For many of us, antibiotics seem like an unavoidable fact of life. This often-prescribed medicine helps stop infections caused by bacteria.
There’s that bubble-gum-tasting antibiotic your toddler takes for a raging ear infection. And when strep throat comes knocking, a course of antibiotics can quickly slam the door.
Also, let’s not forget antibiotics’ lifesaving applications, such as treating meningitis and bacterial pneumonia.
The discovery of the antibiotic penicillin in 1928 is regarded as one of the most significant advances in therapeutic medicine. Before this landmark discovery, surgery was extremely risky, and many people died from minor bacterial infections. Importantly, penicillin greatly reduced the number of deaths and amputations of troops during World War II.
So, yes, antibiotics certainly have their place. However, their use can be accompanied by potentially serious side effects because they kill off the good bacteria in your gut.
Your Gut on Antibiotics
Let’s take a minute for a microbiome refresher. Our bodies are home to roughly 40 trillion microbes, most of which are in our gut.
These good and bad guys can impact everything from food digestion to how we defend ourselves against outside illness-causing threats, such as viruses, parasites, and bacteria.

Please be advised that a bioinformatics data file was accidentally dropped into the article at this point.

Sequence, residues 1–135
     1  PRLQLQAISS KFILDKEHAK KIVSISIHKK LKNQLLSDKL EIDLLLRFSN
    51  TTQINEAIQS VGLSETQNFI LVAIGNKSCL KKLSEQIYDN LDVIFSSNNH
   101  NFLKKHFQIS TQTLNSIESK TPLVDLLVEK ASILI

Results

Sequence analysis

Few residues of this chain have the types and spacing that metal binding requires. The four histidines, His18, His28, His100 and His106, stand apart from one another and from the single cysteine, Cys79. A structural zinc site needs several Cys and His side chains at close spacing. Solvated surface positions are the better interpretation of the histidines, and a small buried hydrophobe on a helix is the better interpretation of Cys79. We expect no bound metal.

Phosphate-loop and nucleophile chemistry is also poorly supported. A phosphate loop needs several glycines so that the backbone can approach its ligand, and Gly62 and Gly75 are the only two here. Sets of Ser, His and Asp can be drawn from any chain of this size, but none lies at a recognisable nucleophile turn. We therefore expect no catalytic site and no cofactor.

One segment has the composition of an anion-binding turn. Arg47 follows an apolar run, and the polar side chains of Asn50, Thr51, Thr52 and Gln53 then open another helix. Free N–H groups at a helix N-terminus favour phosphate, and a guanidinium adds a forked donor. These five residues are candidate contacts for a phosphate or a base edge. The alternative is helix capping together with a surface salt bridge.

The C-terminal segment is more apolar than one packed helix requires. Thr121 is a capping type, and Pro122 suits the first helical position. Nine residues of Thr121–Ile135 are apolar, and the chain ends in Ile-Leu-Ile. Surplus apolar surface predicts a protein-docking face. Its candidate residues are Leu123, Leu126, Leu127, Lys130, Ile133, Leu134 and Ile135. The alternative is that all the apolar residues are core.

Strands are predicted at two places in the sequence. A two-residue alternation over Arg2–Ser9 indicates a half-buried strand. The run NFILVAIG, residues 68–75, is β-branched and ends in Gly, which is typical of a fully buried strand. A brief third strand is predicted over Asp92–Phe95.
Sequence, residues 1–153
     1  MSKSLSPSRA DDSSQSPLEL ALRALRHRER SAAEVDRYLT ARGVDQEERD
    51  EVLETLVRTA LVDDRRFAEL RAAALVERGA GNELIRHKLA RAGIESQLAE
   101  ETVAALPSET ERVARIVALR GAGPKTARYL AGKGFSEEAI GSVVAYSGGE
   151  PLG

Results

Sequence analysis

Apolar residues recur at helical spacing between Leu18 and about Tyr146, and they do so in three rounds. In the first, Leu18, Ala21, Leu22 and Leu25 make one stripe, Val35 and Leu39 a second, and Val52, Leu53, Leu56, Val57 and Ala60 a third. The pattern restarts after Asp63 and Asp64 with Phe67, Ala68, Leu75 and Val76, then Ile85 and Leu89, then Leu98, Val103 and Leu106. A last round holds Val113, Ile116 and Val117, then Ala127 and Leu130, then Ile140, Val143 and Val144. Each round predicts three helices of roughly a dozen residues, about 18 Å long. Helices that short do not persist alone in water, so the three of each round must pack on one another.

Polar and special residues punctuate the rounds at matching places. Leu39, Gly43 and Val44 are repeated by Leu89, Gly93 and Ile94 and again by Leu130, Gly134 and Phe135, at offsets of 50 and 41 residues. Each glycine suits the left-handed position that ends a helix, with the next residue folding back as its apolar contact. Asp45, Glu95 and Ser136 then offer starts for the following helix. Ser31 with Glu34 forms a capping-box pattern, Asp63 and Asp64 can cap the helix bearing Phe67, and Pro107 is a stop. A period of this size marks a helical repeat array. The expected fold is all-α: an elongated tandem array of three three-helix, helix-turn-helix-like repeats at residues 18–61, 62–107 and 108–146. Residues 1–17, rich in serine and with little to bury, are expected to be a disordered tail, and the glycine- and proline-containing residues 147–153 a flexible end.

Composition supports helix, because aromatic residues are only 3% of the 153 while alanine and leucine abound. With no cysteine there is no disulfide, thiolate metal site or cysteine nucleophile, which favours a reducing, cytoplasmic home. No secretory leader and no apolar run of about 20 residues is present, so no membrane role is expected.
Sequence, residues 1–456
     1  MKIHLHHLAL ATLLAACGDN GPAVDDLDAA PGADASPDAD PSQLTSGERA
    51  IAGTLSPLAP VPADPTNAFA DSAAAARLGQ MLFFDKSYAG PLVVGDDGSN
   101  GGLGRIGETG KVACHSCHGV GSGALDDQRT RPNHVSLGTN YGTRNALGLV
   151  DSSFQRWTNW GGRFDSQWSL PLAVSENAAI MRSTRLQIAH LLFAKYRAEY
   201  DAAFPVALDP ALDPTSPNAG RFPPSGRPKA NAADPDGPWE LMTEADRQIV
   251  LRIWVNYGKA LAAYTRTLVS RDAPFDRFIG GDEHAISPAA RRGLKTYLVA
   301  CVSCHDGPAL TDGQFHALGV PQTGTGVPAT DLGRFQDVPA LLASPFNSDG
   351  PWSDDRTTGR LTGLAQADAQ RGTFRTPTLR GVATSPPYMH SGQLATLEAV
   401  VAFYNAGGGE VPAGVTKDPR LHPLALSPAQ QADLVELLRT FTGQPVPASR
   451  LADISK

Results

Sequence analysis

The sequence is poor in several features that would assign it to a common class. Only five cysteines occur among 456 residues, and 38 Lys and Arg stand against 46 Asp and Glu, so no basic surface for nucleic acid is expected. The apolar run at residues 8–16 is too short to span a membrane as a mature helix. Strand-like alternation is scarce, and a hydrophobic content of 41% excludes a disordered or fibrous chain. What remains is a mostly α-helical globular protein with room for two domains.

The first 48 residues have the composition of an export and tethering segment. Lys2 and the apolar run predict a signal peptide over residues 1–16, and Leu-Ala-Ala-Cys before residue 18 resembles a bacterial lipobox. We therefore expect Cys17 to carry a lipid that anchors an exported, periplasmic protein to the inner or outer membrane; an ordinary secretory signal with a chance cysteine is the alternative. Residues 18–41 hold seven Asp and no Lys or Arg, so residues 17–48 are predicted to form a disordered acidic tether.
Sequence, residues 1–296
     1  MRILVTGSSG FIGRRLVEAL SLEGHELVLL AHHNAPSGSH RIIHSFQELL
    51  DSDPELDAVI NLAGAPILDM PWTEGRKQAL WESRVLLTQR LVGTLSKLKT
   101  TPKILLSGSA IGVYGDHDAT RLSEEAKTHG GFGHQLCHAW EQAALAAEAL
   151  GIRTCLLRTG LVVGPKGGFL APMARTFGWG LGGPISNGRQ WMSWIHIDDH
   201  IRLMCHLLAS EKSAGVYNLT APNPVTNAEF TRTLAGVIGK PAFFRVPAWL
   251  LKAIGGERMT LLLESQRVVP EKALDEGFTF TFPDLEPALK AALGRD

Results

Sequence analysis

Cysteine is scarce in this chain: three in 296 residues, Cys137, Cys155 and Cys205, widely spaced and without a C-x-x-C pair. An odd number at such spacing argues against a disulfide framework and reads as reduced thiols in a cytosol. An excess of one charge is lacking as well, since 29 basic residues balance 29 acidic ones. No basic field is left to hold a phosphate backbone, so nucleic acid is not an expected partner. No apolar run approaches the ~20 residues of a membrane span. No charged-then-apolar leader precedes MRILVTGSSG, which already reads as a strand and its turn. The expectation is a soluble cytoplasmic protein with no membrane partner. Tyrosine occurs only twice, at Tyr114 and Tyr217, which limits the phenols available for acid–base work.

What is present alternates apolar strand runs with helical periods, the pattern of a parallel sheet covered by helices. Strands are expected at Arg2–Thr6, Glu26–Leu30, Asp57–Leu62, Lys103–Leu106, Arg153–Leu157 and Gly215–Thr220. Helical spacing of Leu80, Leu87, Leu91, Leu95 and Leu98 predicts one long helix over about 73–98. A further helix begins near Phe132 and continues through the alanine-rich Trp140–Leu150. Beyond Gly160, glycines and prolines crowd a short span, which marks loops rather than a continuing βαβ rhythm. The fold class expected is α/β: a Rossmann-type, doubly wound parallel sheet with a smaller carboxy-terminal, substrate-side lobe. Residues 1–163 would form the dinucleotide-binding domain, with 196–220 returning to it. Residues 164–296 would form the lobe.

Various medical treatments, especially antibiotics, can disrupt this delicate gut balance. Mounting research supports how important our microbiome is and how common antibiotics can slay certain helpful gut bacteria.
A Delicate Balance
In a recent study, researchers unraveled how 144 antibiotics used in humans impact our gut health. They found that two classes of antibiotics create “collateral” damage by eradicating good bacteria in the gut, leaving it open to GI ailments and recurring infections.
“Many antibiotics inhibit the growth of various pathogenic bacteria,” study author Lisa Maier explains. “This broad activity spectrum is useful when treating infections, but it increases the risk that the microbes in our gut are targeted as well.”
This highlights the importance of reducing potential unwanted side effects that occur during a course of antibiotics.
How to Restore Balance
On a final note, not all illnesses require antibiotics. For instance, two of the most common ailments – cold and flu – don’t respond to antibiotics.
Although commonly overprescribed, an occasional course of antibiotics is sometimes necessary; but chances are your gut will not love the experience.
But have no fear; we have a guide to help you support your gut health during and after a course of antibiotics.
Our free EBOOK download includes the fascinating (and moldy!) history of antibiotics, as well as actionable tips, a post-antibiotic gameplan, and helpful printable tools to help you get your gut back into balance post antibiotic treatment.